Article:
The Obama Administration is having pretty much the worst week ever, but somewhere amidst the fog of scandal lies some pretty good news about the budget deficit, namely that the Congressional Budget Office (CBO) is predicting it will be much smaller in 2013 than was projected just a few months ago.
That’s right, the federal budget deficit, which topped $1.4 trillion in 2009, or 10.1% of GDP, and dominated the political discourse over the past several years, is shrinking rapidly. The CBO is now saying that the deficit will be less than half that amount in 2013: $642 billion, or 4% of GDP. That’s $200 billion less than the CBO predicted just a few months ago. What gives?
Basically, the change can be explained by a combination of a recovering housing market — which has improved the finances of government-owned Fannie Mae and Freddie Mac — combined with a better-than-expected economy overall, which is boosting corporate and personal income tax revenues. This economic improvement is happening despite higher taxes and budget cuts enacted as part of the fiscal cliff deal reached in December, and the sequestration-related budget cuts that went into effect recently.
This change is yet another vindication of economists and commentators who argued that large budget deficits are the natural outgrowth of effective economic policy in the wake of a severe recession. Economic recession reduces employment and corporate profits, lowering tax revenues. At the same time, safety net programs like unemployment insurance and food stamps must spend more to accommodate the larger number of people who need them.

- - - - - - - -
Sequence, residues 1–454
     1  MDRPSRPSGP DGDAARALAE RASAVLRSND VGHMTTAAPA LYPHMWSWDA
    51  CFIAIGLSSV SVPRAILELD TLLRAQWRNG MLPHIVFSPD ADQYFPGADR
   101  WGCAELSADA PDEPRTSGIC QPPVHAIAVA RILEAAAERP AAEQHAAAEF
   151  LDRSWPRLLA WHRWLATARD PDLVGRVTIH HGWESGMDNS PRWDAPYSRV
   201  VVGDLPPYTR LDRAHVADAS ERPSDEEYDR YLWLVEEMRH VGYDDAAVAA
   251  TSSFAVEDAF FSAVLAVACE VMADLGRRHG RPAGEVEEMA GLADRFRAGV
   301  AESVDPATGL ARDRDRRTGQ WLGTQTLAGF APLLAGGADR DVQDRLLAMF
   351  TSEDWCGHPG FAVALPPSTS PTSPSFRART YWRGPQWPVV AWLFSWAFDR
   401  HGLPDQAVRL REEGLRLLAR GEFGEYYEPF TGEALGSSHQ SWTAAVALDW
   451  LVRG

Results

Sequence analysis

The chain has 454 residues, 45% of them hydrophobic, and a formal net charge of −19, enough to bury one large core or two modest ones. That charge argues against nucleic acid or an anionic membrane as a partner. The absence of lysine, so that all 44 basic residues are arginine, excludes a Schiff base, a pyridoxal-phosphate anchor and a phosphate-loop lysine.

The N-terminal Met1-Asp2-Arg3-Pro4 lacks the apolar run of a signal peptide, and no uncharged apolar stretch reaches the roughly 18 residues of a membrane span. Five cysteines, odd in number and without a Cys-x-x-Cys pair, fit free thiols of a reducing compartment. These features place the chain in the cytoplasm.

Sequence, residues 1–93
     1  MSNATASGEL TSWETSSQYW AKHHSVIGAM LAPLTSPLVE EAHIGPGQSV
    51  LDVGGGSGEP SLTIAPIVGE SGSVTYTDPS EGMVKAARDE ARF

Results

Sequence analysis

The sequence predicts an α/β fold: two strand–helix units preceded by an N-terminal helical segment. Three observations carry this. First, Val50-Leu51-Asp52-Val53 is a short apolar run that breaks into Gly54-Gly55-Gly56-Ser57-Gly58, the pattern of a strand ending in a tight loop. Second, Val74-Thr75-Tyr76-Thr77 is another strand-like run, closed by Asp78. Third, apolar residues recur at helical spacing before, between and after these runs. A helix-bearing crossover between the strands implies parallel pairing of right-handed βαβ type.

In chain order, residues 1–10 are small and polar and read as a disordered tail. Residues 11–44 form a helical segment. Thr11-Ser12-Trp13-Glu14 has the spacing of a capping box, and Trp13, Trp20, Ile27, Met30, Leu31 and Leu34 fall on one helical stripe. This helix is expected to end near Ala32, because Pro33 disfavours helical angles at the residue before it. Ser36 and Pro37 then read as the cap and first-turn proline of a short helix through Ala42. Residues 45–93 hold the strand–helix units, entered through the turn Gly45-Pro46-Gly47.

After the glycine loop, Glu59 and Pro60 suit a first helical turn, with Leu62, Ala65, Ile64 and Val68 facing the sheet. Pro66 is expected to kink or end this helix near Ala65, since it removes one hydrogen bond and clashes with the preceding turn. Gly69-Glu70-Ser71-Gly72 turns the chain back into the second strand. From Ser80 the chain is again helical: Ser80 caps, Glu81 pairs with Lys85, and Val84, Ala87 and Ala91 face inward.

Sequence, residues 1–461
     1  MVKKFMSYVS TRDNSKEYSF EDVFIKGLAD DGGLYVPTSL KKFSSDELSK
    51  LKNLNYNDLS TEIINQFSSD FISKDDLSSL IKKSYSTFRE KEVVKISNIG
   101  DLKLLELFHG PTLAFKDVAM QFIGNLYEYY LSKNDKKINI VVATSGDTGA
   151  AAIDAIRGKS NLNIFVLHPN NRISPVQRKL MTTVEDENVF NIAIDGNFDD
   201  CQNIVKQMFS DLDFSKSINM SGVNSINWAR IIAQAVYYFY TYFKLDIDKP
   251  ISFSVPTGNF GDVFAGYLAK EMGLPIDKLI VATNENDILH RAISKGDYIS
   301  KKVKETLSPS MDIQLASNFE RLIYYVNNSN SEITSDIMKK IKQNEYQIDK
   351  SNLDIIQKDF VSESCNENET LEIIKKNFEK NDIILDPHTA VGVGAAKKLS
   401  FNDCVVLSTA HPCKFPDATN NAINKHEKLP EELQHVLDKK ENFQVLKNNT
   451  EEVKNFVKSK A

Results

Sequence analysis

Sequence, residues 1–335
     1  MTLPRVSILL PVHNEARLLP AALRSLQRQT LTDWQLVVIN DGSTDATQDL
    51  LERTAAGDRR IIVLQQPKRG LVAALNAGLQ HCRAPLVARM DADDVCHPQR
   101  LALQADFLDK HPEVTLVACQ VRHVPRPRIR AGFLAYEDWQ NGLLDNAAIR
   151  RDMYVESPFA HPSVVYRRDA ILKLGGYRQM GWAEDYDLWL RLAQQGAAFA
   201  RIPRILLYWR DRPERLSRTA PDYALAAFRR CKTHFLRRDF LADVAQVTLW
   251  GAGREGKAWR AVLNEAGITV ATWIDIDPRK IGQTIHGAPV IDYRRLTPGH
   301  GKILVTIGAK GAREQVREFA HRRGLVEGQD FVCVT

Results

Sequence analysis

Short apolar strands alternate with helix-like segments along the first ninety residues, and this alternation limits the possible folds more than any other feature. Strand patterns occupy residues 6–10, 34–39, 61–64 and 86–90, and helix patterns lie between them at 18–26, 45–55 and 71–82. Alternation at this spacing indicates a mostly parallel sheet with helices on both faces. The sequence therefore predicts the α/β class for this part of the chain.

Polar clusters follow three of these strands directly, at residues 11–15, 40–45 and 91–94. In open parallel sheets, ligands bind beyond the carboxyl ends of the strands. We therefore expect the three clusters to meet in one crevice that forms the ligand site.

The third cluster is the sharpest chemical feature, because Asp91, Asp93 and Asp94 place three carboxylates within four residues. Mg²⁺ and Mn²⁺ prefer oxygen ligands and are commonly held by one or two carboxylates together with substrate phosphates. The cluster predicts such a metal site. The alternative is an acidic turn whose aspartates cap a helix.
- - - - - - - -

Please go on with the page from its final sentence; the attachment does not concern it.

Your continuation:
Congress and President Obama did take measures to permanently increase taxes and government spending through the healthcare overhaul, but it’s clear now that the historically large budget deficits we saw immediately following the financial crisis were mostly a result of the recession rather than new government programs.
In addition, the CBO notes that the growth in healthcare spending has slowed in recent years. For instance, spending on Medicare and Medicaid in 2012 was 5% below what the CBO predicted it would be in 2010. In a response to this slowdown, the CBO has reduced its estimates for the growth of such spending, projecting that those programs will cost $225 billion less than previously thought over the next ten years.
That being said, none of these improvements change the hard reality that after 2023, spending on so-called entitlement programs will continue to rise faster than the payroll taxes which support them. Federal debt — that is, the accumulation of the government’s annual deficits, which must be financed with borrowing — relative to the size of the economy is expected to stabilize over the course of the next decade, but then begin to rise steadily thereafter.
Ideally, this temporary reprieve of the declining deficit should create enough breathing room for Congress to have a mature conversation about how to address the longer-term problem. A decade from now, taxes will have to rise above their historical norm, or benefits to future retirees will have to be cut. Likely, some combination of the two will have to be enacted. Crafting a solution will of course be politically difficult, but the CBO report shows that it need not be done under duress.